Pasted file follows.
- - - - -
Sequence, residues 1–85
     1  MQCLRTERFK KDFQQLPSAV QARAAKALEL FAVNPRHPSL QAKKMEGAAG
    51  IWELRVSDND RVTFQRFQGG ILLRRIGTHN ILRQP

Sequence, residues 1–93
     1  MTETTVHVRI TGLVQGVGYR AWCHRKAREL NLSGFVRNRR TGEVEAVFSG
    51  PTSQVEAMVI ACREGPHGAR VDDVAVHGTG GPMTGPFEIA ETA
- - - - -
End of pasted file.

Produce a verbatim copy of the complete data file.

Sequence, residues 1–85
     1  MQCLRTERFK KDFQQLPSAV QARAAKALEL FAVNPRHPSL QAKKMEGAAG
    51  IWELRVSDND RVTFQRFQGG ILLRRIGTHN ILRQP

Sequence, residues 1–93
     1  MTETTVHVRI TGLVQGVGYR AWCHRKAREL NLSGFVRNRR TGEVEAVFSG
    51  PTSQVEAMVI ACREGPHGAR VDDVAVHGTG GPMTGPFEIA ETA